Advertisement

International Capital Flows and Political Transition in Europe: Historical Perspectives

  • Larry Neal
Conference paper

Abstract

The relationship of international capital flows and the stability of national political regimeshas become a focal point of interest recently among political scientists. Jeffrey Frieden notes several reasons this should be so. First, gross capital flows across national borders have increased astronomically in the past 20 years and have become much larger than other forms of international economic transactions. Frieden noted that by April of 1989, “…foreign exchange trading in the world’s financial centers averaged about $650 billion a day, equivalent to nearly $500 million a minute,” and was 40 times the level of trade. He also reported that the 15 year increase (from 1974 to 1989) in international bank and bond lending meant that its relative size had risen from 5% to 25% of the aggregate GNP of the industrialized countries. (FRIEDEN, 1991, p. 428.) In the course of this dramatic rise in the importance of global finance, national economic policy-makers have increasingly found their traditional tools of macro-economic management to be undermined, irrelevant and even counter-productive. No longer can they control their prices, their interest rates, or their budgets, it is argued, all because of the ruthless rise of innovative forces in the global financial market. These market forces siphon off financial resources before governments can direct them to productive purposes domestically, or if funds flow in from abroad they may not be directed towards achieving the goals of the government. Moreover, the innovations of the global financial market place are proceeding at a pace far more rapid than government institutions or political consensuses can respond.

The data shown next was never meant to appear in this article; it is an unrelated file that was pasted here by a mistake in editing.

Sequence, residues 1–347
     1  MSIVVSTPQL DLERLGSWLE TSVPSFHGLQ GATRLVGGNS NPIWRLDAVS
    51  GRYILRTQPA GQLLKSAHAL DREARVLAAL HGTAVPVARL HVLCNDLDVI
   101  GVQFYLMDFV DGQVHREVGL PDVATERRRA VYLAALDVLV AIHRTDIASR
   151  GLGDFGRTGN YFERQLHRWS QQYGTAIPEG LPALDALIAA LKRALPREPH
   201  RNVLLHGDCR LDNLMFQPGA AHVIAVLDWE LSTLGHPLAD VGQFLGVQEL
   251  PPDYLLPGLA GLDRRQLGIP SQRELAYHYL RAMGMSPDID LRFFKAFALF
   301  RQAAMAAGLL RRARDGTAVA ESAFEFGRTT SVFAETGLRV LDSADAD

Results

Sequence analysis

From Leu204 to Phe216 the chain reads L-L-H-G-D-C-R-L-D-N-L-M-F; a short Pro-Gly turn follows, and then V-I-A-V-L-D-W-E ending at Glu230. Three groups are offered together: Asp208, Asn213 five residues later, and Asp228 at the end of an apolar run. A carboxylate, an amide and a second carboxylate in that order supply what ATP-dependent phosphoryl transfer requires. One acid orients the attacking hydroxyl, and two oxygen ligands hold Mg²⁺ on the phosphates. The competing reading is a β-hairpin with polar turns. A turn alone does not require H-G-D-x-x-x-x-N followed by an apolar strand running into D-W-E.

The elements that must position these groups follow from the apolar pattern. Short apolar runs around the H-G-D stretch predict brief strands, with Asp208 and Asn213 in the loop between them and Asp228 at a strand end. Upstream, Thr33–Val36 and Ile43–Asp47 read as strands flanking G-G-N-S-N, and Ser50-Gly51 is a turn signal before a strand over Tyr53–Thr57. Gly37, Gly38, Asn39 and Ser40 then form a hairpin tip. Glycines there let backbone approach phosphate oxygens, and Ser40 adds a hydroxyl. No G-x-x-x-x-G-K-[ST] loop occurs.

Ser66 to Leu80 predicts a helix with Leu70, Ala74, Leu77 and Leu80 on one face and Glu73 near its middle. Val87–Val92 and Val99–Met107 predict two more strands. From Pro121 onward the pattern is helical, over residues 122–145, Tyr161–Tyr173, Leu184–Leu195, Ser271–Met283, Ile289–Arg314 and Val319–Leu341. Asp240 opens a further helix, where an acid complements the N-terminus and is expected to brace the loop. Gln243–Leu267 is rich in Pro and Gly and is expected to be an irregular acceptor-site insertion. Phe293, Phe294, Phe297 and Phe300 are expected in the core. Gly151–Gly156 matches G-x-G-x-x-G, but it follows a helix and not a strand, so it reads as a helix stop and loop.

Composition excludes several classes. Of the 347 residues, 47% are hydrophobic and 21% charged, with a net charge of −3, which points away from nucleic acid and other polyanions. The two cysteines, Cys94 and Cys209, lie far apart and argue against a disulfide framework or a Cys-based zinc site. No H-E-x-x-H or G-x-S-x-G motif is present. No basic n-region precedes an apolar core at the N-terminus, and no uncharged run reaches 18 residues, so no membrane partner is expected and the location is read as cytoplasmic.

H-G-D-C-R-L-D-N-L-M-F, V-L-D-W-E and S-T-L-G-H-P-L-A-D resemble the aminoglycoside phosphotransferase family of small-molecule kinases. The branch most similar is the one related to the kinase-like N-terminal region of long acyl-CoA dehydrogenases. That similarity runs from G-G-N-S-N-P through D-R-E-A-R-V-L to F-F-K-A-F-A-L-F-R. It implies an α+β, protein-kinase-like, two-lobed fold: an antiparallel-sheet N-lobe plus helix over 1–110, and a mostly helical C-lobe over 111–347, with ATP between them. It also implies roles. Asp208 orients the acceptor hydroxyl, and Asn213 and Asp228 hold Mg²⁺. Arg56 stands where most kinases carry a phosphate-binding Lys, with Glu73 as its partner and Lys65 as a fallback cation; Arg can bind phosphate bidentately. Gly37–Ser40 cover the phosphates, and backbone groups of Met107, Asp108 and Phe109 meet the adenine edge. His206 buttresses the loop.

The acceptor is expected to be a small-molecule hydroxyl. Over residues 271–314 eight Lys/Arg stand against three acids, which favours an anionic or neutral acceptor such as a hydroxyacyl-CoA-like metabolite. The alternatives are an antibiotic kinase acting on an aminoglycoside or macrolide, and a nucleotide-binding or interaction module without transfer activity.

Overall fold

Keywords

Capital Flow International Capital Indirect Taxis International Capital Market Direct Taxis 
These keywords were added by machine and not by the authors. This process is experimental and the keywords may be updated as the learning algorithm improves.

Preview

Unable to display preview. Download preview PDF.

Unable to display preview. Download preview PDF.

References

  1. Brewer, J. (1989), The Sinews of Power. War, Money and the English State, 1688–1783, New York: Alfred A. Knopf.Google Scholar
  2. Dawson, F.G. (1990), The First Latin American Debt Crisis. The City of London and the 1822–25 Loan Bubble, New Haven, CT, Yale University Press.Google Scholar
  3. Dickson, P.G.M. (1967), The Financial Revolution in England: A Study in the Development of Public Credit, 1688–1756, London: MacMillan.Google Scholar
  4. Dumke, R. (1994), German Economic Unification in the 19th Century: The Political Economy of the Zollverein, Diskussionsbeiträge Nr. 4/94 des Instituts für Volkswirtschaftslehre, München: Universität der Bundeswehr München.Google Scholar